During a sexual act, couples may change from position to position, at any moment.

Many can sense the act of pleasure when a female expresses herself in ways including moaning or a tight grip.

Missionary Position

One of the most common positions used in pleasuring her sexuality is called the missionary position, where the man is on top of the female, directly penetrating her vagina. The women’s legs are usually open while she is positioned on the bottom.

There is also a side entry missionary position where the woman is on the side, while the man penetrates from behind.

Other missionary positions include:

· The woman on the bottom with her legs tightly closed

· The woman on the bottom with her thighs pressed against her chest

· The woman on the bottom while the man holds her legs in the air.

Woman on Top

Sometimes a woman can suceed in increasing her pleasure when she takes over the top position. When a woman sits on top of a man while facing him, this is called the Cowgirl Sex position. The Reverse Cowgirl is when the woman is facing away from the man when she is sitting on top. Usually, a woman can better control the intensity of the sexual act, as well as her organism, when she is commanding the top position.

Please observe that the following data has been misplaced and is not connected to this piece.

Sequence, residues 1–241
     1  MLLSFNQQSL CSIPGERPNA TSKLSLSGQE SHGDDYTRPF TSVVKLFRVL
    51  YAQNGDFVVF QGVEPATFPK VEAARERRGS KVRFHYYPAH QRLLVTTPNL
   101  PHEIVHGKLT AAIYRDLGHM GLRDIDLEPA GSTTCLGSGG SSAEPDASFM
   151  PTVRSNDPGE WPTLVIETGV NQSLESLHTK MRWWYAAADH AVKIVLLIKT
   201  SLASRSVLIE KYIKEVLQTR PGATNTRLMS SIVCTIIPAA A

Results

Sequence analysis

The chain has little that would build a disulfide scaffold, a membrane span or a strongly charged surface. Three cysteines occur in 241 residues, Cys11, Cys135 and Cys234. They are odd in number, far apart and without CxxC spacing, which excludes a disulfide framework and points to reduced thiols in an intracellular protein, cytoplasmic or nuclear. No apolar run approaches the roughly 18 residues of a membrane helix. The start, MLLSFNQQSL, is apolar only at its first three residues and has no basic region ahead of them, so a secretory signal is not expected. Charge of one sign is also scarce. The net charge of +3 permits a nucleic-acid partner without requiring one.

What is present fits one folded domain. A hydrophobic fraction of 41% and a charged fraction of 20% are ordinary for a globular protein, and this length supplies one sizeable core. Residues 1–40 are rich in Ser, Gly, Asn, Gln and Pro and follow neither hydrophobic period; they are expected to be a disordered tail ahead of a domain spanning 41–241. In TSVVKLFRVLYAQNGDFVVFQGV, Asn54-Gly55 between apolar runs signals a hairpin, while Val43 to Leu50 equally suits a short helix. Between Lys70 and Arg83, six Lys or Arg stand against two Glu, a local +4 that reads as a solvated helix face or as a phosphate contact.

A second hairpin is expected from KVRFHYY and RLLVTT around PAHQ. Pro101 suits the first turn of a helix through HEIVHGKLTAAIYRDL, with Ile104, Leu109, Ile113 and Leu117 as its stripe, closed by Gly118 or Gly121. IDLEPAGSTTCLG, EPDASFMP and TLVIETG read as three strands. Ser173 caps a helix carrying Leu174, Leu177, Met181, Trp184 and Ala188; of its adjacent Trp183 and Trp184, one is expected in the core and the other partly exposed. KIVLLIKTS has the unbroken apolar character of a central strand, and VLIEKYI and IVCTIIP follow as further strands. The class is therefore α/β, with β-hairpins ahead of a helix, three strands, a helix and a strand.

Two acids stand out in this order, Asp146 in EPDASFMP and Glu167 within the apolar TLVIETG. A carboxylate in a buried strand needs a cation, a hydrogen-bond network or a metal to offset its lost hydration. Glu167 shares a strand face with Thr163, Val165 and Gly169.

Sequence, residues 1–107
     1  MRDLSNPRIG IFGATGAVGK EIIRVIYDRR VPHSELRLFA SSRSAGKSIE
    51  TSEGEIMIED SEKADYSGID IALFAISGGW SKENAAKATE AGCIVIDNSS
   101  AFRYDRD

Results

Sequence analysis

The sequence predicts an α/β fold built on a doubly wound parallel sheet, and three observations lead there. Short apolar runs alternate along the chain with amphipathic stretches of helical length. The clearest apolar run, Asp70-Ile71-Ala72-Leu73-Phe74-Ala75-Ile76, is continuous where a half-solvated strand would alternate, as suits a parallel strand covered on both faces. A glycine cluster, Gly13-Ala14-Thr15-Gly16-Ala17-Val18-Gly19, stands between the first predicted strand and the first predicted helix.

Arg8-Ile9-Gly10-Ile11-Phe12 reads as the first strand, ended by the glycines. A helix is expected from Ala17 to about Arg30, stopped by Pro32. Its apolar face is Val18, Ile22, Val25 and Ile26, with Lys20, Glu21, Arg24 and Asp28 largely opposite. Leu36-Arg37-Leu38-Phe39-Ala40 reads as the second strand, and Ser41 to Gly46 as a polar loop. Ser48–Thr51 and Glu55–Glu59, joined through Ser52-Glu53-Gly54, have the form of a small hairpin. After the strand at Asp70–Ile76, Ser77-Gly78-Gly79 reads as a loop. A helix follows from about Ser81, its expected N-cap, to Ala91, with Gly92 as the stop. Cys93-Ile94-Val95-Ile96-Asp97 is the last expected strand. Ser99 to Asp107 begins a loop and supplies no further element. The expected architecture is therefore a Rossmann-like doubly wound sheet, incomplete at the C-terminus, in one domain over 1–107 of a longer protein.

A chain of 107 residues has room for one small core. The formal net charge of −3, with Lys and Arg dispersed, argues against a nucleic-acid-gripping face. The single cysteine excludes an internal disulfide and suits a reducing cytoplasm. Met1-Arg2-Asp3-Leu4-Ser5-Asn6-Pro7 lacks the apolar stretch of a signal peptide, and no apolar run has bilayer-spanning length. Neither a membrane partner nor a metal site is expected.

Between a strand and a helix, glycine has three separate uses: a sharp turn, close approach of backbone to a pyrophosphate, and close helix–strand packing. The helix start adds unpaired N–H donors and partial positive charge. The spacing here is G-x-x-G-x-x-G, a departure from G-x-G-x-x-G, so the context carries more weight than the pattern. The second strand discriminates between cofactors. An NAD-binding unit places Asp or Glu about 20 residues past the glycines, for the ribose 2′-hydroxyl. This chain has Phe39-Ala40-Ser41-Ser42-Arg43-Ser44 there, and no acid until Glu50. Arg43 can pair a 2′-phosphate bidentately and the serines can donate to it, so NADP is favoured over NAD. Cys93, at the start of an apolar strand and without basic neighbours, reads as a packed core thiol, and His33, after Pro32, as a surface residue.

Sexual Positions

When pleasuring her sexuality, you should know that there are various sexual positions that feature a playful take on the animal kingdom:

· The Butterfly Position involves a woman lying on her back while the man stands and lifts the female’s pelvis for a more satisfying penetration.

· The Octopus Position deals with a woman resting her legs on the man’s shoulders while she is on the bottom.

· When the woman is on all fours, facing downward, she is prepared for the “Doggy-style” position, where the man enters the woman from behind.

· When the woman lowers her torso in the Doggy Position, she is engaging in what is referred to as the “Froggy” position.

· Pleasuring her sexuality can seem easier when a man enters the woman from above as her legs are spread open, allowing more intense penetration. This position is referred to as either the “Spread-eagle” or “Spider” position.

When you are at home with your sweetie and the mood has set in, there are plenty of household objects available when a man is interested in pleasuring her.

Various pieces of furniture can increase stimulation:

· A man can kneel in front of his woman while she is sitting in a chair.

· A woman could sit on the edge of almost any chair or couch, depending on the height and spread her legs, as the man enters.

· She can also spread over a piece of furniture, such as a table or countertop while a man enters from behind.

There is a certain feeling of naughtiness when two lovers make love in rooms other than the bedroom.

There are endless ways to please one another during an intimate moment.

Sometimes a sensual act could be as simple as watching a woman pleasuring her sexuality in the form of masturbation. It can be a successful turn-on for both parties when either one or both participate.
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Embracing Your Sexuality: Asking For What You Want

Many men and woman complain that they don’t have a great sex life and they are resentful toward their spouse or their partner for this. What we need to learn is; are we the real reason behind this and is our resentfulness is misplaced?